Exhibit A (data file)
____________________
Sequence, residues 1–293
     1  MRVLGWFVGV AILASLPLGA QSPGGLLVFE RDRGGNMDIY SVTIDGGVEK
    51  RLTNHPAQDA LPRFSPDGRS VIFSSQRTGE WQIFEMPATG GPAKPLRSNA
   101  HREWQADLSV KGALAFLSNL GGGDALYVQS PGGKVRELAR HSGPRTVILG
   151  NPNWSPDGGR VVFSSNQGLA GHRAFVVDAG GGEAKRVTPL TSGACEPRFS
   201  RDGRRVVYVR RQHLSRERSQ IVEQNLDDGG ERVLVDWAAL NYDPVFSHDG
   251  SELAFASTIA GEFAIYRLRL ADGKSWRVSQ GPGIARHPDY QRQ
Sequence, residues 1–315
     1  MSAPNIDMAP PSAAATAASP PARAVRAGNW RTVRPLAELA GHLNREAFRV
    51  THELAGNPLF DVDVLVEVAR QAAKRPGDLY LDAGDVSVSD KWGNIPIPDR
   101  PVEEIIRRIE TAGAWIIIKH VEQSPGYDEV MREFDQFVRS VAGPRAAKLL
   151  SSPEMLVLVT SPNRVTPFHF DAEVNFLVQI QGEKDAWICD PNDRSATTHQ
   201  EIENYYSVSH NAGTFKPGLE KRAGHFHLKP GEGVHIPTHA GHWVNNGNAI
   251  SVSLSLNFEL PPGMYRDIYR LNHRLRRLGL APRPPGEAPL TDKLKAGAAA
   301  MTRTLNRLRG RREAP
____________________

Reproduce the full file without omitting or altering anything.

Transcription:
Sequence, residues 1–293
     1  MRVLGWFVGV AILASLPLGA QSPGGLLVFE RDRGGNMDIY SVTIDGGVEK
    51  RLTNHPAQDA LPRFSPDGRS VIFSSQRTGE WQIFEMPATG GPAKPLRSNA
   101  HREWQADLSV KGALAFLSNL GGGDALYVQS PGGKVRELAR HSGPRTVILG
   151  NPNWSPDGGR VVFSSNQGLA GHRAFVVDAG GGEAKRVTPL TSGACEPRFS
   201  RDGRRVVYVR RQHLSRERSQ IVEQNLDDGG ERVLVDWAAL NYDPVFSHDG
   251  SELAFASTIA GEFAIYRLRL ADGKSWRVSQ GPGIARHPDY QRQ
Sequence, residues 1–315
     1  MSAPNIDMAP PSAAATAASP PARAVRAGNW RTVRPLAELA GHLNREAFRV
    51  THELAGNPLF DVDVLVEVAR QAAKRPGDLY LDAGDVSVSD KWGNIPIPDR
   101  PVEEIIRRIE TAGAWIIIKH VEQSPGYDEV MREFDQFVRS VAGPRAAKLL
   151  SSPEMLVLVT SPNRVTPFHF DAEVNFLVQI QGEKDAWICD PNDRSATTHQ
   201  EIENYYSVSH NAGTFKPGLE KRAGHFHLKP GEGVHIPTHA GHWVNNGNAI
   251  SVSLSLNFEL PPGMYRDIYR LNHRLRRLGL APRPPGEAPL TDKLKAGAAA
   301  MTRTLNRLRG RREAP